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Jon Karl Asks White House Spokesman ‘Is There Anyone the President Wouldn’t Shake Hands With?’

Among several tangential matters from Nelson Mandela‘s memorial service that are receiving a lot of media attention, President Obama‘s handshake with Cuban President Raul Castro came up at Wednesday’s White House daily briefing. ABC News’ Jon Karl asked several questions that Press Secretary Jay Carney and spokesman Ben Rhodes answered on Air Force One yesterday, but also asked Deputy Press Secretary Josh Earnest for reaction to Sen. John McCain‘s (R-AZ) Hitler-related criticism, and whether there is anyone the President would not shake hands with?”

The President’s handshake with Castro, along with a photo he took with several other world leaders and the event’s fraudulent sign-language interpreter, have received more coverage than the memorial itself, and that trend continued at today’s briefing. Karl began by asking, on camera, several questions that were covered at yesterday’s off-camera Air Force One gaggle with Jay Carney and Ben Rhodes, transcripted here (via The White House):

Q The handshake with Raul Castro, was that by happenstance or was it planned, and what did they talk about?

MR. RHODES: Nothing was planned in terms of the President’s role other than his remarks. So the rest of it, of course, was simply his presence at the ceremony.

He was focused above all on paying tribute to Nelson Mandela. When he went to the podium, he shook hands with everybody on his way to speak. He really didn’t do more than exchange greetings with those leaders on his way to speak; it wasn’t a substantive discussion. But I think the President’s focus was on honoring the legacy of Nelson Mandela, as was the case with many leaders.

…Q And just for the record, Alan Gross didn’t come up in the conversation with Castro, correct?

MR. RHODES: No, again, they didn’t — as those of you who saw, I think it was just an exchange of greetings as he was making his way through the podium up to speak.

Q But is it the President’s desire to try to move toward a different sort of relationship with Cuba anyway? And in terms of talking about honoring Nelson Mandela, Nelson Mandela for years, dating back to the Clinton administration, was part of the United States to relax its approach to Cuba and do it in a different way. And can you talk about that?

MR. RHODES: Look, as a general matter, we have taken a different approach in some important respects in relation to Cuba. The President lifted the prohibition on family travel and remittances. He increased licensing for travel and engagement with Cuba. We’re in talks on issues associated with migration that, again, I think allow for there to be greater connectivity particularly among Cuban Americans and Cuba. At the same time, we continue to have the same grave concerns about both the human rights situation in Cuba and Alan Gross, who we believe should be released immediately so he can return to his family.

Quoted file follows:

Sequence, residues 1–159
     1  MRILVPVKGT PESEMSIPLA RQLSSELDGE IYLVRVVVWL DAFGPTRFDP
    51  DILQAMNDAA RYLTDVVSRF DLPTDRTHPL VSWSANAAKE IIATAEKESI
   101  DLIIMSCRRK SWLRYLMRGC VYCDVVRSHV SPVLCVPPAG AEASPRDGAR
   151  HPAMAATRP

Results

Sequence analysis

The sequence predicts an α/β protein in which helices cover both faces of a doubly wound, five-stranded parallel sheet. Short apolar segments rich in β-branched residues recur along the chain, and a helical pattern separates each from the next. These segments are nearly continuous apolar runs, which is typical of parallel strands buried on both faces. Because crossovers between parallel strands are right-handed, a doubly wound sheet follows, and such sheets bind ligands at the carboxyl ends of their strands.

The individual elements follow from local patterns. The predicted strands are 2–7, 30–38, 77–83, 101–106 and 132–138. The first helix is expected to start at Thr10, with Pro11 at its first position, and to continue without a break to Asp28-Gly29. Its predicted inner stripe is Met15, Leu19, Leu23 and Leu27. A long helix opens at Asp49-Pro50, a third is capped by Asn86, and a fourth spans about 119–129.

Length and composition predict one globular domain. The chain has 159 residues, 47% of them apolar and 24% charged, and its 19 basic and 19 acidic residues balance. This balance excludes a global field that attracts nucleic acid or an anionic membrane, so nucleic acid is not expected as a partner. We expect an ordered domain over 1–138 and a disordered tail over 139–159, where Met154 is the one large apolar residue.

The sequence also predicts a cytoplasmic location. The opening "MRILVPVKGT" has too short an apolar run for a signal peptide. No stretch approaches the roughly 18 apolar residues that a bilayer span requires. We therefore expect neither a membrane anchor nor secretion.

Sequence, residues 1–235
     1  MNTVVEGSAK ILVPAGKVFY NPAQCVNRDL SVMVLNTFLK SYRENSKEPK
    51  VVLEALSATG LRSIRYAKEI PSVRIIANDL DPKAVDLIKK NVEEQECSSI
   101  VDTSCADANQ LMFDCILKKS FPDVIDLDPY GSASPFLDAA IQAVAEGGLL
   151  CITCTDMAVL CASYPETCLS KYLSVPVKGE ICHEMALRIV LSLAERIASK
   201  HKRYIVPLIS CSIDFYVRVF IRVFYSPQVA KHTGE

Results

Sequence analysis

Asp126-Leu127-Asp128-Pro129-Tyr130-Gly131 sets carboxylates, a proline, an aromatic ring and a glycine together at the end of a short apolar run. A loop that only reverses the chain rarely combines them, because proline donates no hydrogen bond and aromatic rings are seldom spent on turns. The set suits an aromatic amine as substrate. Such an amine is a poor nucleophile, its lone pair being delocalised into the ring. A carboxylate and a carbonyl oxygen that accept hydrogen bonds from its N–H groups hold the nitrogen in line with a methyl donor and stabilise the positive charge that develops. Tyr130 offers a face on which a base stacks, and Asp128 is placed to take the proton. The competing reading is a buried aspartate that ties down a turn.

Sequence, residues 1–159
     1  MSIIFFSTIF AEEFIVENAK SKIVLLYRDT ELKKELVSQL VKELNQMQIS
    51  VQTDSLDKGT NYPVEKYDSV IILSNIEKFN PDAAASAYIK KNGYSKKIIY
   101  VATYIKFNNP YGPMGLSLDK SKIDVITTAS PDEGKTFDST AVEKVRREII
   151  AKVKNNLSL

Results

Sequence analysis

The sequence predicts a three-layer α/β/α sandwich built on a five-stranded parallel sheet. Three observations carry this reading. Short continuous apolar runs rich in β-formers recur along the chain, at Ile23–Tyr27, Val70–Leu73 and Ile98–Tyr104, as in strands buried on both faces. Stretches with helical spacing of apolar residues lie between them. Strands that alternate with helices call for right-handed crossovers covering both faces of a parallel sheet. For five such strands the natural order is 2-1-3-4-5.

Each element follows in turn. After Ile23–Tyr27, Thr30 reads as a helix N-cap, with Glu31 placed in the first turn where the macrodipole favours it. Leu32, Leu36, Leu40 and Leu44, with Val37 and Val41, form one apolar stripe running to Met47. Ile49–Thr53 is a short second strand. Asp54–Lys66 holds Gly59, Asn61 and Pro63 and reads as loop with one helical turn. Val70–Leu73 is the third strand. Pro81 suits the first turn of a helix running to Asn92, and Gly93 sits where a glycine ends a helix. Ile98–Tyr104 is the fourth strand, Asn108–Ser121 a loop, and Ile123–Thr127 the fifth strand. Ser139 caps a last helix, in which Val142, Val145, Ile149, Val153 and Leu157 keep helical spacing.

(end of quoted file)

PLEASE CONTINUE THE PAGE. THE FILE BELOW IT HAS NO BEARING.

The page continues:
Karl also asked Earnest for his reaction to Sen. McCain’s remarks, and other criticism. “People say that the President shouldn’t have given Castro the opportunity to have a handshake with the leader of the United States,” Karl said.

Earnest noted, again, that the President shook hands with everyone who was on the stage, and said that it was a “dangerous and unwise thing to do in public” to attempt to “draw connections between recent political events and the terrible reign of Adolph Hitler,” adding that there used to be a principle that “partisan politics stop at the water’s edge, and it’s unfortunate that we did see a number of Republicans, yesterday, who criticized the President for a handshake at Nelson Mandela’s funeral.”

“Is there anybody the President would not…is there any world leader the President would not shake hands with?” Karl began. “I mean, if Assad had been on that stage, if Kim Jong-Un had been on that stage?” he continued. “I mean I’m trying to gauge the principal, he shook hands with everybody on the stage. I mean, is there any… anybody he wouldn’t?”

Earnest declined to entertain the “difficult hypothetical.”

Here’s the clip, via The White House:

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